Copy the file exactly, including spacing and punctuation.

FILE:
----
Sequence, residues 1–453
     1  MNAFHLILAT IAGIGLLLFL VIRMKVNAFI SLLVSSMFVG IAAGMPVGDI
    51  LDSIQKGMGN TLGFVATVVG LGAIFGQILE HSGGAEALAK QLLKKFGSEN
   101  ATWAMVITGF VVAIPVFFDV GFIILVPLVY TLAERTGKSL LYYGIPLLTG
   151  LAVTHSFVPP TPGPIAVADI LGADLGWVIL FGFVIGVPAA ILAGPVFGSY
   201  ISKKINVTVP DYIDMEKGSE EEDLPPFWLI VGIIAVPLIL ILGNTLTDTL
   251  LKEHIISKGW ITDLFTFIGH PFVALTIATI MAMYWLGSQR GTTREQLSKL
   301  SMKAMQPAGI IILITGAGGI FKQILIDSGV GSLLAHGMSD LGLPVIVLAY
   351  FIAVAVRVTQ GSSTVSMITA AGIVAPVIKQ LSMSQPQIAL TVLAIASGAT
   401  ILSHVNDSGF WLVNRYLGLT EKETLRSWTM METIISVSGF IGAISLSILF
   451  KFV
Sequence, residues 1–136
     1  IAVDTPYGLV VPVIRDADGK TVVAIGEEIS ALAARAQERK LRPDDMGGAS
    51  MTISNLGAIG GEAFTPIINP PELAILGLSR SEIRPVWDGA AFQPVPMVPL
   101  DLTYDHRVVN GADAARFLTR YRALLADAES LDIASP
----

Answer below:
Sequence, residues 1–453
     1  MNAFHLILAT IAGIGLLLFL VIRMKVNAFI SLLVSSMFVG IAAGMPVGDI
    51  LDSIQKGMGN TLGFVATVVG LGAIFGQILE HSGGAEALAK QLLKKFGSEN
   101  ATWAMVITGF VVAIPVFFDV GFIILVPLVY TLAERTGKSL LYYGIPLLTG
   151  LAVTHSFVPP TPGPIAVADI LGADLGWVIL FGFVIGVPAA ILAGPVFGSY
   201  ISKKINVTVP DYIDMEKGSE EEDLPPFWLI VGIIAVPLIL ILGNTLTDTL
   251  LKEHIISKGW ITDLFTFIGH PFVALTIATI MAMYWLGSQR GTTREQLSKL
   301  SMKAMQPAGI IILITGAGGI FKQILIDSGV GSLLAHGMSD LGLPVIVLAY
   351  FIAVAVRVTQ GSSTVSMITA AGIVAPVIKQ LSMSQPQIAL TVLAIASGAT
   401  ILSHVNDSGF WLVNRYLGLT EKETLRSWTM METIISVSGF IGAISLSILF
   451  KFV
Sequence, residues 1–136
     1  IAVDTPYGLV VPVIRDADGK TVVAIGEEIS ALAARAQERK LRPDDMGGAS
    51  MTISNLGAIG GEAFTPIINP PELAILGLSR SEIRPVWDGA AFQPVPMVPL
   101  DLTYDHRVVN GADAARFLTR YRALLADAES LDIASP